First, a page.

Granodiorite and granite are very heterogeneous lithologies, with a heterogranular and foliated texture, locally gneissic. These magnetic and hematitized rocks are brownish beige in altered surface and light grey in fresh exposure. They contain strongly chloritized biotite schlierens, hornblende and magnetite. Migmatite enclaves, consisting of migmatized paragneiss, metatexite and diatexite, are folded and stretched in foliation planes. The northern part of this unit, located in contact with the Anatacau-pivert Formation, is composed mainly of a homogeneous, massive to weakly foliated, pink granodiorite. Finally, this area is an area of high magnetic susceptibility. 

Thickness and Distribution

The Champion Complex is the southern extension of the La Grande Subprovince. New geophysical and geological data show that this unit extends NE over a distance of 200 km and a width of 65 km. In the west end of the Rupert River, granitic and granodioritic rocks account for 80% of the Champion Complex. The oldest rocks in the Champion Complex are tonalitic gneiss, which are ~8 km wide and 20 km long. 


During the work of Bandyayera and Daoudene (2018a) in the Nemiscau Lake area, a sample of gneiss belonging to the Champion Complex (Achp1) was taken from outcrop 2016-CS-4003, 8 km to the NW of Mézière Lake. This sample of tonalitic gneiss gave an age of 2815,8 ±3 Ma (David, 2020). Another sample also belonging to unit Achp1 was dated by Bynoe (2014). This granitic gneiss is located 1 km to the NE of the Spodumène Lake; it returned an age of 2889 ±14 Ma. These Mesoarchean ages are consistent with the hypothesis that Champion Complex gneiss are bedrocks and among the oldest in the region.  

Unit Sample Isotopic System Mineral Crystallization Age (Ma) (+) (-) Reference(s)
Achp1 2016-CS-4003B1 U-Pb Zircon 2815,8 3 3 David, 2020
U-Pb Monazite 2889 14 14 Bynoe, 2014

Stratigraphic Relationship(s)

The Champion Complex is one of the oldest units in the Rupert River area. It forms the host unit of the majority of intrusive units in the region and is located in enclaves in these same units. In the south, the Champion Complex is separated from the Rupert Complex by the Rivière Rupert Shear Zone (ZCrup), and from the Lac des Montagnes Group by the Nisk Shear Zone (ZCnsk). The various units of the Champion Complex are cut by pink granite and granitic pegmatite intrusions assigned to the Kaupanaukau Suite.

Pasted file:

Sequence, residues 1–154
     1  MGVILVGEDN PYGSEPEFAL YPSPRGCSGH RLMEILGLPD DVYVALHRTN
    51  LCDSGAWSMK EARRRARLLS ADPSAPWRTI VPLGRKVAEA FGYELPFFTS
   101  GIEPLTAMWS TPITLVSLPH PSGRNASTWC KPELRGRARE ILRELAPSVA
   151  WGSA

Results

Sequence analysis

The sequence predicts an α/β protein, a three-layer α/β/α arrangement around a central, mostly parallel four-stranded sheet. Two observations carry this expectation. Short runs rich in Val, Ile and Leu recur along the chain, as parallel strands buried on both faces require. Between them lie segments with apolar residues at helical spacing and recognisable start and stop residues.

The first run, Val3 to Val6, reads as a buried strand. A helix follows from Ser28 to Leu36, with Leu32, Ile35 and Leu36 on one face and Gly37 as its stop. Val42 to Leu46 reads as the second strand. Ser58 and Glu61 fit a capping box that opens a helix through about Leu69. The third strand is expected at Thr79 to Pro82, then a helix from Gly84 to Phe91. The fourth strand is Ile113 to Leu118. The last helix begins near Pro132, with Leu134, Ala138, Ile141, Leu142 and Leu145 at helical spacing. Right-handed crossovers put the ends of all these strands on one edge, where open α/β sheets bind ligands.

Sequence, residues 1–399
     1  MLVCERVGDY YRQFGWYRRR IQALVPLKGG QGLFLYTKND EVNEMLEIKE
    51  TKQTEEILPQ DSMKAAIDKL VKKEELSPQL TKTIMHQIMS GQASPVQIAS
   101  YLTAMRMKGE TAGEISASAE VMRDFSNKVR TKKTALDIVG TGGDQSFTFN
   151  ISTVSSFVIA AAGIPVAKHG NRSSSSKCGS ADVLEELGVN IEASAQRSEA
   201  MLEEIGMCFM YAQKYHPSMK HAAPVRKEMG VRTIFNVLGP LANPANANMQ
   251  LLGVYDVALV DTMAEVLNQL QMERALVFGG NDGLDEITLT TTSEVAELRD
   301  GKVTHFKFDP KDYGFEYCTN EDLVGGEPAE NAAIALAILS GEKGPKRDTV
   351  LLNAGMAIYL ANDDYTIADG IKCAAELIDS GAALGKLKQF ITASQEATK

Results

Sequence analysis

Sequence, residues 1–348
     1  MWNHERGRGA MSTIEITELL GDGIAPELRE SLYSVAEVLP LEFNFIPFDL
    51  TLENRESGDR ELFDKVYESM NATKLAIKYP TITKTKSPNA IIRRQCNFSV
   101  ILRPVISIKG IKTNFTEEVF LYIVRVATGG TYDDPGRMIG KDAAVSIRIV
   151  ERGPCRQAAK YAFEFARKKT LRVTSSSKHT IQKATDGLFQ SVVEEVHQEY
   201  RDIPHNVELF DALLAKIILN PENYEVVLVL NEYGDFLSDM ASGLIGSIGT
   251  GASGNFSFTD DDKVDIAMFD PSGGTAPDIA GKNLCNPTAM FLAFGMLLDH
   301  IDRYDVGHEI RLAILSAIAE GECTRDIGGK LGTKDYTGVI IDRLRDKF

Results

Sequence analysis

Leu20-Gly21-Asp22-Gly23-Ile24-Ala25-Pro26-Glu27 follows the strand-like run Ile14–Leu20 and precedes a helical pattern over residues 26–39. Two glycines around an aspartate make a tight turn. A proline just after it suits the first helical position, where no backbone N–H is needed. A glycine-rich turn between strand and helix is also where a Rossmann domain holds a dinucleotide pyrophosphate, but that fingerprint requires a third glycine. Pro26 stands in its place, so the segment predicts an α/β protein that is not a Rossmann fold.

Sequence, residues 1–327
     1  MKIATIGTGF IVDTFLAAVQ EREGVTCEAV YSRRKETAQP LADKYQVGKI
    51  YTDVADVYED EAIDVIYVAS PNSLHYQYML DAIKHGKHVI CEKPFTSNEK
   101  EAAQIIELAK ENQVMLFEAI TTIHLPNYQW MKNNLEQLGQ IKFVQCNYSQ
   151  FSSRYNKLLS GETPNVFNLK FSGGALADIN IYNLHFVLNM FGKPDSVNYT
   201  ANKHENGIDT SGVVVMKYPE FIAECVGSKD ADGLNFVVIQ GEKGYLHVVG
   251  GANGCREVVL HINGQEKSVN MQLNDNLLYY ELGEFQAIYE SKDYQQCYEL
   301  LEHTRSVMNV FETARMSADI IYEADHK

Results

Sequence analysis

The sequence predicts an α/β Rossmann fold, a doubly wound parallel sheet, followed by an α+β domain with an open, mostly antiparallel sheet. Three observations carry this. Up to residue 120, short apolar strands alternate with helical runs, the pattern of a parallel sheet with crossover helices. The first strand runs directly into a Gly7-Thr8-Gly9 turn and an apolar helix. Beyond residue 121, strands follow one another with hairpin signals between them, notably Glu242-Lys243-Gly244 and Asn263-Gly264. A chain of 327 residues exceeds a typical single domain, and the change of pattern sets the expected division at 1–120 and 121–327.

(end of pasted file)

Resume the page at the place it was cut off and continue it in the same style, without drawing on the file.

Does not apply.


Publications Available Through SIGÉOM Examine

BANDYAYERA, D., CARON-CÔTÉ, E., 2019. Géologie de la région du lac des Montagnes, sous-provinces de La Grande, de Nemiscau et d’Opatica, Eeyou Istchee Baie-James, Québec, Canada. MERN; BG 2019-03, 1 plan.

BANDYAYERA, D., CARON-CÔTÉ, E., 2022. Géologie de la région du lac Le Vilin, sous-provinces de La Grande et d’Opatica, Eeyou Istchee Baie-James, Québec, Canada. MERN; BG 2022-03, 1 plan.

BANDYAYERA, D., DAOUDENE, Y., 2016. Géologie-région du lac Nemiscau, secteur ouest de la rivière Rupert. MERN; CG-2016-02, 1 plan.

BANDYAYERA, D., DAOUDENE, Y., 2018a. Géologie de la région du lac Nemiscau, secteur ouest de la rivière Rupert (SNRC 32N06, 32N07 et 32N11). MERN; RG 2018-03, 58 pages, 1 plan.

BANDYAYERA, D., DAOUDENE, Y., 2018b. Géologie de la région du lac Champion, sous-provinces de La Grande et de Nemiscau, à l’est de Waskaganish, Eeyou Istchee Baie-James, Québec, Canada. MERN; BG 2018-06, 2 plans.

D’AMOURS, I., 2011. Synthèse des levés magnétiques de la Baie-James. MRNF; DP 2011-08, 5 pages, 2 plans.

DAVID, J., 2020. Datations U-Pb dans les provinces du Supérieur et de Churchill effectuées au GEOTOP en 2017-2018. MERN, GEOTOP; MB 2020-05, 29 pages.


MOUKHSIL, A., 2000. Géologie de la région des lacs Pivert, Anatacau, Kauputauchechun et Wapamisk, 33C/01, 33C/02, 33C/07 et 33C/08. MRN; RG 2000-04, 49 pages, 4 plans.


Other Publications

CARD, K.D., CIESIELSKI, A., 1986. DNAG N° 1. Subdivisions of the Superior Province of the Canadian Shield. Geosciences Canada; volume 13, pages 5-13.

BYNOE, L., 2014. Shear zone influence on the emplacement of a giant pegmatite: The Whabouchi lithium pegmatite, Québec, Canada. University of Western Ontario, London, Ontario, Canada; Mémoire de maîtrise, 136 pages.

PEARCE, T.H., HARRIS, B.W., TINDLE, A.G., 1984. Trace element discrimination diagrams for the tectonic interpretation of granitic rocks. Journal of Geology; volume 25, pages 956-983.


Suggested Citation


Ministère de l’Énergie et des Ressources naturelles (MERN). Champion Complex. Quebec Stratigraphic Lexicon. [accessed on Day Month Year].




First publication

Daniel Bandyayera, P. Geo., Ph.D. (redaction)

Mehdi A. Guemache, P. Geo., Ph.D. (coordination); Jean Goutier, P. Geo., M.Sc. (critical review); Claude Dion, Eng., M.Sc. (editing); Céline Dupuis, P. Geo., Ph.D. (English version); Caroline Thorn (HTML edtiting). 










17 août 2018